I know a lot has changed since a couple months ago, when you said the 'humanly impossible' things about the COVID-19 guidelines. Now that the players have been back for a week, is there anything that stuck out to you as surprised, good or bad, about procedures and how the players are going about their business? (Aaron Kasinitz) "No, it's been great. I stand by what I said; to follow the procedures 100 percent is humanly impossible. I can't imagine there is any safer place than an NFL football team, right now – NBA basketball bubble. We're pretty darn safe. If you want to rank them, we are in the Top Five – I'll tell you that – across the country. So, we're right up there with anybody. We get tested every day, and we are wearing masks everywhere. For us – there are some things that you have choices [with] – we ask our coaches, when they teach, to where the mask. So, I'm coaching like this (puts mask over mouth and nose). And all of our coaches are coaching like this in meetings and on the field. And we're OK with that. We just have to speak clearly. We have to annunciate what we say. And in some ways, I think it helps us become better communicators. So, we are looking at it as a plus. You do everything you humanly can, but that doesn't mean you are going to win 100 percent of the time, so if something does happen, don't come rolling in here and saying, 'Oh,' and pointing the finger, saying, 'You didn't do something the right way.' And that was my point way back when the protocols first came out, and I think it's pretty clear. You can't test your way out of this, [and] you can't protocol your way out of this either. This is going to run its course. All you can do is the best you can do and mitigate it to great extent. I think we've done a really good job of that, so far. There are no guarantees going forward. We have to stay vigilant, like we have done. Again, you can't let it run your life. We can't let it run the operation. We are a football team. We are trying to build the best football team we can, and we'll go about our business doing that, with and around the obligations that we have to one-another in terms of respecting the situation with COVID-19."
WR James Proche returned some punts in college. Without WR/RS De'Anthony Thomas in the picture, I'm just curious who else you might see competing with James for that role this year? (Cliff Brown) "I'll tell you what, it's James' role to win, and he has to go win it. We have Willie Snead IV, and I know Willie would like to do it, too. He's back there all the time. Marquise [Brown] catches punts every day. We'll see as we go, but I really like James. He's a really dedicated, motivated guy. It's tough for a rookie to do it – a rookie doing it without preseason games. I exactly know where you are coming from. Believe me, I think about that too, and that will be a challenge. I believe he's up for the challenge; he's the man for the job, but he's going to have to show us that he's ready to do it. I'm pretty sure that there will be some competition run at him as well, so we'll see where that goes in the next few weeks."
DE CALAIS CAMPBELL
What's it been like for you? Normally, you'd have a minicamp and everything. You're just meeting your teammates now. Has it been weird? Or has it been an easy transition for you to step right into being a Baltimore Raven? (David Ginsburg) "It's been a pretty easy transition, for the most part. Obviously, it's unique circumstances, and you've got to just make the best of what it is. I think the team has done a really good job of giving us opportunities to get to know each other. The coaching staff has put us in position to really communicate and get that brotherhood established. So, I feel good. It's only been a couple of … I guess it's almost two weeks now, but it's definitely been a lot of fun in the locker room. Guys have been practicing safe and wearing our PPE (Personal Protective Equipment) equipment, but still communicating and having a good time."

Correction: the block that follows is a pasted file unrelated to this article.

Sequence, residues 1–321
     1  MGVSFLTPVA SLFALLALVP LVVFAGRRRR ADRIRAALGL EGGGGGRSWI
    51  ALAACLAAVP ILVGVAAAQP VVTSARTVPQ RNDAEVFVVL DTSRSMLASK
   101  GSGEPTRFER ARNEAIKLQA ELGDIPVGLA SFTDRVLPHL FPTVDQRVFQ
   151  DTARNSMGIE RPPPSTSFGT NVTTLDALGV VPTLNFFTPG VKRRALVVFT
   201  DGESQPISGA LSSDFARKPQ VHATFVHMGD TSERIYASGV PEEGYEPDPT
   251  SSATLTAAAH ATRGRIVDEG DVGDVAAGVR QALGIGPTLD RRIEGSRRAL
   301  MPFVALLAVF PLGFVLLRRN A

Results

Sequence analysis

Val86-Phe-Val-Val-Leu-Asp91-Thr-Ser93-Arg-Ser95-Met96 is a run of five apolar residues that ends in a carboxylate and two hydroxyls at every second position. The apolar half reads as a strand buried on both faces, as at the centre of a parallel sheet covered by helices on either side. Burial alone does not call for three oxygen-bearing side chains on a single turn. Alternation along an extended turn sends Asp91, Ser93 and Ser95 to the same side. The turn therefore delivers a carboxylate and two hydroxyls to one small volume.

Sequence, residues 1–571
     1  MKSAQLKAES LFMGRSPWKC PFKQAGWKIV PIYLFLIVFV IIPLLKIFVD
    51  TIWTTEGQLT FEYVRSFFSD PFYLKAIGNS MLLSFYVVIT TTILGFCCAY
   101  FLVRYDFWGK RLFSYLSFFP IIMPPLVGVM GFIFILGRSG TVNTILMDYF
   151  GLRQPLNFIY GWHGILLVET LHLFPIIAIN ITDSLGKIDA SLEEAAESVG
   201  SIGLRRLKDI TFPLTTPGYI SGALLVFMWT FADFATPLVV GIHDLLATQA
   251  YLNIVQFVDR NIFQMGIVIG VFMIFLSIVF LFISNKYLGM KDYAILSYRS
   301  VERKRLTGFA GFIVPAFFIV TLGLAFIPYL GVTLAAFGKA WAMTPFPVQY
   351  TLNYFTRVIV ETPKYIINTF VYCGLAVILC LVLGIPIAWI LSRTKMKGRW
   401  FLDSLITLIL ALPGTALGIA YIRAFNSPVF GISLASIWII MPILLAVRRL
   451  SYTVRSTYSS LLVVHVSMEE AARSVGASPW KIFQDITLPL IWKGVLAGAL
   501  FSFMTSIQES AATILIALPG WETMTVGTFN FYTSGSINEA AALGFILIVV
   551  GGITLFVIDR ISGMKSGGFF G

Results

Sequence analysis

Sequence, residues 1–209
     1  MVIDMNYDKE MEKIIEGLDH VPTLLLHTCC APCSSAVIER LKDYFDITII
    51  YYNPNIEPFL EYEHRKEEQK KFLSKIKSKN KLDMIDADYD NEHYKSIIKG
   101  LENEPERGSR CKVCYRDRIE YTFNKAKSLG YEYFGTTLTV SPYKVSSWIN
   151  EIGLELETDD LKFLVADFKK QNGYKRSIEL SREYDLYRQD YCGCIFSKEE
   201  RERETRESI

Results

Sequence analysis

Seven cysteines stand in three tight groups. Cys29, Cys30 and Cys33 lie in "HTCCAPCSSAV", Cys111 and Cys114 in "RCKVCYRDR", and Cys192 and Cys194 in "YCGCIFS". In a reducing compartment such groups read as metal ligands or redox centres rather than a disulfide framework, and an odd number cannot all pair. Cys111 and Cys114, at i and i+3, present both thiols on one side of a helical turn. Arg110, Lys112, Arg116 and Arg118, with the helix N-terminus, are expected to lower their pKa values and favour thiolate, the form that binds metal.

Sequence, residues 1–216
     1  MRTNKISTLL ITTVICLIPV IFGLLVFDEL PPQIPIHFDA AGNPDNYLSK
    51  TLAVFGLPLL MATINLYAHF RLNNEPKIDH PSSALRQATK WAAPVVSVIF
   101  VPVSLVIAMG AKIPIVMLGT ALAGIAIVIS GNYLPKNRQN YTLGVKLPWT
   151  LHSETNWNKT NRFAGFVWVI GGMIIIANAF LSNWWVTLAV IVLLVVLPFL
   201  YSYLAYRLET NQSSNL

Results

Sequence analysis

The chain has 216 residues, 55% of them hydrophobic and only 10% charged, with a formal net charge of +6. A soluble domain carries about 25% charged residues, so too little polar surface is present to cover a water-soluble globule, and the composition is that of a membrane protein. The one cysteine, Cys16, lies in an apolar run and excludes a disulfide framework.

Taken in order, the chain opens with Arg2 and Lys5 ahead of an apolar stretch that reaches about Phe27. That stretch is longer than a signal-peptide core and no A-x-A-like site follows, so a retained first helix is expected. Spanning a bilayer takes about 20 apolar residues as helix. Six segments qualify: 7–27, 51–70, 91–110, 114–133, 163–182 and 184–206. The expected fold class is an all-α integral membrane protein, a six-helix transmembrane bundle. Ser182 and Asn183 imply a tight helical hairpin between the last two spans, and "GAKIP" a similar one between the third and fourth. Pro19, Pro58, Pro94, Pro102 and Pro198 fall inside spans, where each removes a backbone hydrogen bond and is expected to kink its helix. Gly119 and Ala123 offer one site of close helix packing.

Walter Payton Man of the Year Award, Bart Starr Award – everybody knows you're great on the field. I want to know if people know how great you are off the field and in the community? You've only missed five games in your career, and then you do all this stuff off the field. Why? Where does that come from? Why do you do all of the other things? (Kirk McEwen) "I feel like it's our duty to help people in need, and I've been very fortunate. God has blessed me with a great opportunity, great resources, a great platform. Honestly, it's just in my nature. I grew up … My parents really were strong on just being active in the community. I try to make my presence felt in whatever community that I'm in, and I'm excited for Baltimore. I've already done some things here and there, and I have some plans to do a lot more, and hopefully, utilize the team, the 'CR' – the community relations team. Just trying to get to know the city. It's a brand-new place. I haven't really spent much time here, but I know there are a lot of people who could use some help that I'm trying to give. Take it one day at a time and try to help the people the best way that I can."
You've been, certainly, on teams before that have big expectations, and there are big expectations around this team coming in from the outside, and I'm sure internally. How do you, as a veteran player, handle that and keep it from adjusting how you guys approach things, or might get too caught up in the hype and all of that? (Garrett Downing) "I think the biggest thing is staying in the moment. You can't win the Super Bowl today. I don't care how good you are in August; you've got to go through the process. You can't even win the first game today. The first game is still a good month away. Right now, it's just trying to make sure that we take advantage of what's in front of us, and try to get better each and every day, and staying in the moment. A part of that is just setting small goals, daily goals, and just trying to embrace the process."